And we have to recognize that the media too often has an agenda, and that it is naïve to talk of an independent media. I am for instance fascinated by the manner in which the differences between Europe and America about how to deal with the current recession will be played out in the media, remembering too the very different perspectives we had on how to deal with the Asian crisis of a decade and more ago. I have not the expertise to offer advice on this and, perhaps even more pertinently, we know that the dogmas prescribed by different perspectives need constant adjustment according to circumstances. It has been proved over and over again over the last few years, not only with regard to the financial crises that assail us so regularly, that it is necessary for any government to deal with any crisis on an empirical basis, using principles but never letting these dominate at the expense of people.

What is vital however is constant communication, explanation of the decisions government makes and what results are expected, with regular monitoring of the impact of such decisions and flexibility of response to what transpires. All this of course sounds ideal, and we can see in countries in which liberals have been in government the various pitfalls that occur. But, as we have seen in both India and Sri Lanka over the last year, governments that had to take tough decisions but showed themselves in constant touch with the people, were able to win reelection, and with greater majorities, in spite of economic hardships.

If I might spend some time on the Sri Lankan example, we like Thailand in recent months suffered from excessive criticism in some international media outlets, which in fact influenced public and political opinion in some quarters. The result was continuous disbelief that the government would achieve what it had said it would do, namely rid the country of terrorism, and then resettle those who had been displaced as swiftly as possible. This has now been done and, even though we have faced considerable economic difficulties, voters have expressed themselves more than satisfied, in both Presidential and Parliamentary elections.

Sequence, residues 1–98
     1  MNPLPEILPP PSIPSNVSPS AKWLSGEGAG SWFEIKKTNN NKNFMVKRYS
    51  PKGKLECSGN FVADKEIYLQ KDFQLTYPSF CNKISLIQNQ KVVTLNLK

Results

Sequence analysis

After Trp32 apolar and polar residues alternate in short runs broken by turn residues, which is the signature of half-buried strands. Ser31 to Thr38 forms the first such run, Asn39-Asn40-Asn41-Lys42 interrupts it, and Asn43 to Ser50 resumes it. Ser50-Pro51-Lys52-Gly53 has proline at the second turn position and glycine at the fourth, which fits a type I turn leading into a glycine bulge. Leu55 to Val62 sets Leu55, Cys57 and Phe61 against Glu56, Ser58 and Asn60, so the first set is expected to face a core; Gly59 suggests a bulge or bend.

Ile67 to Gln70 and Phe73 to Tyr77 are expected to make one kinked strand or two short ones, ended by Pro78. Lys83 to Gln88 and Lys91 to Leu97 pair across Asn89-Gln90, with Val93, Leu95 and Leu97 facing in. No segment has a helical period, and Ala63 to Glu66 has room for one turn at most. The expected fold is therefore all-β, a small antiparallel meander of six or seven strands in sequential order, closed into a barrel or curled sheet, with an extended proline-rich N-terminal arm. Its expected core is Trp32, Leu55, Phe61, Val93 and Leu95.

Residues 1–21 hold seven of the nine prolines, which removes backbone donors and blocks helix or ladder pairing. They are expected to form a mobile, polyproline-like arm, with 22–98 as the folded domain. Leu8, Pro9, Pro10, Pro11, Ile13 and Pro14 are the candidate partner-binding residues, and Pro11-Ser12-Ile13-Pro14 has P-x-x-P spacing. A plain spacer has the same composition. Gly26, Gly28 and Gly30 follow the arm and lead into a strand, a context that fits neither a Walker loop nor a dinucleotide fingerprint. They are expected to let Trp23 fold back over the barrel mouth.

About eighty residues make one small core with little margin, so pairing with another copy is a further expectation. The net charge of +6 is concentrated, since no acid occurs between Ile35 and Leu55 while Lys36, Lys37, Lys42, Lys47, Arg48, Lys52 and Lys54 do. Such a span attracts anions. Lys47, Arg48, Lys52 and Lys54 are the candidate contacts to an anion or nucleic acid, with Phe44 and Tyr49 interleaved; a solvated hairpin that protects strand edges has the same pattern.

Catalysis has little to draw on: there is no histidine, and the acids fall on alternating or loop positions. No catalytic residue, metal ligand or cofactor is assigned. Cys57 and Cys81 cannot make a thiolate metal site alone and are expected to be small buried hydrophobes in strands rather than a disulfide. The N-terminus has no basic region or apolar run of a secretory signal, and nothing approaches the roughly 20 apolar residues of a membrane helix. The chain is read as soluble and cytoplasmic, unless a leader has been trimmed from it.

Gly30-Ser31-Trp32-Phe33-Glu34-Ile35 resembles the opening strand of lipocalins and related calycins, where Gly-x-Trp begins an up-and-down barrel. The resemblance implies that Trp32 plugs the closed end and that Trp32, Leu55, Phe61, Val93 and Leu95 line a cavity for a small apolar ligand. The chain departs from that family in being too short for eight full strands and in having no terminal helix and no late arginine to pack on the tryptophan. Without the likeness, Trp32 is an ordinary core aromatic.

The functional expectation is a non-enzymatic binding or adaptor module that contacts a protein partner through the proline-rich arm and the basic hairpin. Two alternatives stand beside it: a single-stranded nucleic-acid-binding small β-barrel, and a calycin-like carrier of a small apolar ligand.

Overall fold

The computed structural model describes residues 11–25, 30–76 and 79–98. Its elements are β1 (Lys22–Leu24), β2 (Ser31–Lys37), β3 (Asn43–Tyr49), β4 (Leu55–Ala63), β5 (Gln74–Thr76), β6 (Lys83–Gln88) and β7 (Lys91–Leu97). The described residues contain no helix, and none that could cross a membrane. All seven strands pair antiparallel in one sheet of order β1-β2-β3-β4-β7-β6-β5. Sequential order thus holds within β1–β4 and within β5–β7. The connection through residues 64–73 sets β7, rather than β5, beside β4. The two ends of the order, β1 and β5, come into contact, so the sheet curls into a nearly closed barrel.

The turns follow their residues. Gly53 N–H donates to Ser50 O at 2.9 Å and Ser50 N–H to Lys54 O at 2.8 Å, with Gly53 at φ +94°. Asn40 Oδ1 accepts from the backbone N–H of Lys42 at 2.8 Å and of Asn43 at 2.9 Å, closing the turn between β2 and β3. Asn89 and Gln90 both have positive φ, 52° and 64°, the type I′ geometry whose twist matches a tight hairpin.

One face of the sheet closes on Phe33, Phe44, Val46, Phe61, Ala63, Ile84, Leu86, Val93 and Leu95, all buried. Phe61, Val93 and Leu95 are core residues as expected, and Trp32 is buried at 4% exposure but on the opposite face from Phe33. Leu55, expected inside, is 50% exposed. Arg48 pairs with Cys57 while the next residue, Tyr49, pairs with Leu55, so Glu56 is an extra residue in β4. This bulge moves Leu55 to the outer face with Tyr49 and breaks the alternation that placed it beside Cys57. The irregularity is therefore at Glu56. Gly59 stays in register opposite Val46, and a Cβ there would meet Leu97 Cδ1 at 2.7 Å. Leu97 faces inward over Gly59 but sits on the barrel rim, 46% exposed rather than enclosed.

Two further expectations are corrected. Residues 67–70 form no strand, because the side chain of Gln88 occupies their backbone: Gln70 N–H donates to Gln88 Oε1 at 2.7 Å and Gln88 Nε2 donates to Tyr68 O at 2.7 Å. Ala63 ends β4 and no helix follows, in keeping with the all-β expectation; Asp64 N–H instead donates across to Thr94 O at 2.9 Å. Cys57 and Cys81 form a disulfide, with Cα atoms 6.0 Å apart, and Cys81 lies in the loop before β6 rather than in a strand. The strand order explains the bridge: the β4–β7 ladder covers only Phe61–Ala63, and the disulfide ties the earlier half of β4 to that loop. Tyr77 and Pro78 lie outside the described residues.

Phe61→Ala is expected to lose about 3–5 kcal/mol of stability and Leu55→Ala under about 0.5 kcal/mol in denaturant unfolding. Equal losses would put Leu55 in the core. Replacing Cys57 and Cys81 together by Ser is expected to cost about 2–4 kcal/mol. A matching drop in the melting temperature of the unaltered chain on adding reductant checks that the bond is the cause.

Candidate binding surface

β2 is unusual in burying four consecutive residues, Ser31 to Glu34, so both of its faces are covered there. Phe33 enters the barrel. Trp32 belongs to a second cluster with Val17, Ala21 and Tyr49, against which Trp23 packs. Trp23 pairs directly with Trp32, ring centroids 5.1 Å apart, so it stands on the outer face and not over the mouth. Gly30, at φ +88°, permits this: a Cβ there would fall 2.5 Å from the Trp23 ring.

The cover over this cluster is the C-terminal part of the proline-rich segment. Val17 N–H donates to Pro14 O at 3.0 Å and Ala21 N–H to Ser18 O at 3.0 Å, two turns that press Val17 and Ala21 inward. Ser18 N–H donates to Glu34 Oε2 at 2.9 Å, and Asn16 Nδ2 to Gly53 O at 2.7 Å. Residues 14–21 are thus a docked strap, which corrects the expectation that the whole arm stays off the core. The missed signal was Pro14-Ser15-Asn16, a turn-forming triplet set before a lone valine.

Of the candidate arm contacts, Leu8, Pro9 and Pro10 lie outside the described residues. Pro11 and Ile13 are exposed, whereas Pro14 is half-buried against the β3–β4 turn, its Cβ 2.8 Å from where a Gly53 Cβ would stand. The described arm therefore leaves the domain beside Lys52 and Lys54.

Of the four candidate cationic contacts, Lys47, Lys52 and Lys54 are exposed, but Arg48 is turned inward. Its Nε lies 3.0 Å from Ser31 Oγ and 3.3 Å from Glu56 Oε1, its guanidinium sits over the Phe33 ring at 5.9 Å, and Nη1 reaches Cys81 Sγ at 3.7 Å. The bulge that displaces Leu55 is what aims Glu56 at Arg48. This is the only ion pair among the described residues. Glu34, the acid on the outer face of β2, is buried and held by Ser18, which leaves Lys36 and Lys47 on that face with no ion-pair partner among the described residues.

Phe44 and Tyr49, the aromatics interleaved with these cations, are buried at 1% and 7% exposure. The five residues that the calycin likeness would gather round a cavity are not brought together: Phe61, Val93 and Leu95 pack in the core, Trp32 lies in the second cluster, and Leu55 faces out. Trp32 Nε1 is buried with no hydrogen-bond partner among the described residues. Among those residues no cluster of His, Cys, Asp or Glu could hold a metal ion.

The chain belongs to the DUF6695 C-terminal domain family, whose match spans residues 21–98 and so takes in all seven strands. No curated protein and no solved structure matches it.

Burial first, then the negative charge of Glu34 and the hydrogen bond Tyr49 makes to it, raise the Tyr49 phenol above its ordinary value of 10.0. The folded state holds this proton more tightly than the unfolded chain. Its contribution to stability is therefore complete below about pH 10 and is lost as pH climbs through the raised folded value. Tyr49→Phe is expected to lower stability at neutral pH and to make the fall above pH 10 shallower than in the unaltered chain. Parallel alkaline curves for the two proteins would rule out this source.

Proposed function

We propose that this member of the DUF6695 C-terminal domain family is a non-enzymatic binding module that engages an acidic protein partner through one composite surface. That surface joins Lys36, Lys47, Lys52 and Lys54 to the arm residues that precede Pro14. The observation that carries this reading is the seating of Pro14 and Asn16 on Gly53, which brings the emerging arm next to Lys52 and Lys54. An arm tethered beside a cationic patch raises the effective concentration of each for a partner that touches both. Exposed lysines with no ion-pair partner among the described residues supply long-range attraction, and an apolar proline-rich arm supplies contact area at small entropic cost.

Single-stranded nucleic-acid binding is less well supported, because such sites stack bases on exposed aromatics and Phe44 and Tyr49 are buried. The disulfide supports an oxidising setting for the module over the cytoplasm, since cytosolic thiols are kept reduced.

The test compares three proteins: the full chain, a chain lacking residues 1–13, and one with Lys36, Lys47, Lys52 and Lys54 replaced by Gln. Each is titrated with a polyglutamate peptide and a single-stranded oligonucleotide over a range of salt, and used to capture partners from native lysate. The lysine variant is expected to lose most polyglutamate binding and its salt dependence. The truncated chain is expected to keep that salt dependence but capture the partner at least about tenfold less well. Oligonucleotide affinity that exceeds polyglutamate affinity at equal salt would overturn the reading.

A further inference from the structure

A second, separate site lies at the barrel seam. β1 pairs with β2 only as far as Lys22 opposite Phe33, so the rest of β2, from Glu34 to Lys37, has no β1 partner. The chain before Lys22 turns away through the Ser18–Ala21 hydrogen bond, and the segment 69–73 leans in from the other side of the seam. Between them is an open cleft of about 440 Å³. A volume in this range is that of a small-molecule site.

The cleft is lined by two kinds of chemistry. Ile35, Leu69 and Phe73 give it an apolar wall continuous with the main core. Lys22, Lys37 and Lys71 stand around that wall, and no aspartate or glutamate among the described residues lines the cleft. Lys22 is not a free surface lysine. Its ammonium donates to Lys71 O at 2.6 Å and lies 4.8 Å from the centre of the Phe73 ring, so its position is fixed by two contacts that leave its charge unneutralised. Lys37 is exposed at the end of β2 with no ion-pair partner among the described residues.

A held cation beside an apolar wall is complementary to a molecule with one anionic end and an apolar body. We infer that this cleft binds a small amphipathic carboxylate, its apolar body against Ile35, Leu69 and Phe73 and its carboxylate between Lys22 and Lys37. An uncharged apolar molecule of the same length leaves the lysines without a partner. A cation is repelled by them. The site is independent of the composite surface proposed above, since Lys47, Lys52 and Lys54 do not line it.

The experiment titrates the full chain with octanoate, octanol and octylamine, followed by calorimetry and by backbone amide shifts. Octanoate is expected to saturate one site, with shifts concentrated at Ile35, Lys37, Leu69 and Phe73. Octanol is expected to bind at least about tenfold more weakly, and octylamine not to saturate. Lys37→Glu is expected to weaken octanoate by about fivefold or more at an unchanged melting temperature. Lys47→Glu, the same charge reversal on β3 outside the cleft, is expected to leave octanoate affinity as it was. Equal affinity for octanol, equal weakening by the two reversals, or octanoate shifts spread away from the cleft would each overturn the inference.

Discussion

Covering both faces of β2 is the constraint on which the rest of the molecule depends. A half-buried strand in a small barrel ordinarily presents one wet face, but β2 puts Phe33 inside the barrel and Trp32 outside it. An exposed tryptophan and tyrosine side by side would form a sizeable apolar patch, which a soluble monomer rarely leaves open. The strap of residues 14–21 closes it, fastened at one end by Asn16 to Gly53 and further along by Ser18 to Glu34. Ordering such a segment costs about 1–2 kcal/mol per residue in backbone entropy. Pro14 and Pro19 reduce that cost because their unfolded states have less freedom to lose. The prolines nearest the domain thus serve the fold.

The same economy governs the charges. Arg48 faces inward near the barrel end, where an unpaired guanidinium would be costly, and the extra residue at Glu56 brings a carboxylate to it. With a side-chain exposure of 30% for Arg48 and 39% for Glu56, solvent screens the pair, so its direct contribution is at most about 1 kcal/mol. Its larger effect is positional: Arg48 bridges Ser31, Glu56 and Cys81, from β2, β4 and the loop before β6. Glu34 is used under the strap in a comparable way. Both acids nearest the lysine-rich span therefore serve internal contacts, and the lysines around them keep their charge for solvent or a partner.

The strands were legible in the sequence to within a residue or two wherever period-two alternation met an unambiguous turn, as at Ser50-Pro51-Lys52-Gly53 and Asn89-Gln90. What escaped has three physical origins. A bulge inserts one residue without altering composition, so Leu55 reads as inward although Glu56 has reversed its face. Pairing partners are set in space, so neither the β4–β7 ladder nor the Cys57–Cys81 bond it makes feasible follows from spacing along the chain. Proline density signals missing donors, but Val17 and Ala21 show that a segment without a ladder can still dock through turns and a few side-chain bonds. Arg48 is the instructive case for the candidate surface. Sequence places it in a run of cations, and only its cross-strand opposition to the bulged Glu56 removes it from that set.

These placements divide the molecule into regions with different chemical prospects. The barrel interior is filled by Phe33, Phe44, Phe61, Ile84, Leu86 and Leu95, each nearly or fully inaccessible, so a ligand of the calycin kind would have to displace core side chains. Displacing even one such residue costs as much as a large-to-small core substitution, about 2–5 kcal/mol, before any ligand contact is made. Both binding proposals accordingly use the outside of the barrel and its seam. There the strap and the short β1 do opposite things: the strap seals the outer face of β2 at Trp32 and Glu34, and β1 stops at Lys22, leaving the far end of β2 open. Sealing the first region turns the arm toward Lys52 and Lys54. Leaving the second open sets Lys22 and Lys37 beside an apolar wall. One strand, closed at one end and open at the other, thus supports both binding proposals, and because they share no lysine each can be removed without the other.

In this context what should the role of the Liberal Party be? I am currently a Member of Parliament through the National List of the governing coalition. This coalition includes nationalist elements as well as former Stalinists and Trotskyists, who are ironically the favourite elements of the West in the coalition because, until my own entry into Parliament, they were seen as the parties most pluralistic in their approach to the national question. Certainly they have achieved more through legislation in the last few years, to enforce language rights for instance, than was done in the preceding decade and a half after we finally enshrined two official languages, both Sinhala and Tamil, in our Constitution.

Given that the Liberal Party was initially a think tank, and is still seen as a party of ideas, it is important to continue to suggest coherent policies in a number of areas in which the government sees the need for reform. One cannot expect acceptance of all suggestions, especially inasmuch as the Party is still seen as somewhat impractical in its ideals, and not likely to command enough popular support to win elections. However it is significant that a couple of suggestions initially made by the Liberal Party alone – and scorned then by other parties – have already found mention in the government manifesto.  We have also re-established the Council for Liberal Democracy, a cross-party grouping that is concerned with reform, and have been able to provide suggestions to Ministers in areas of concern.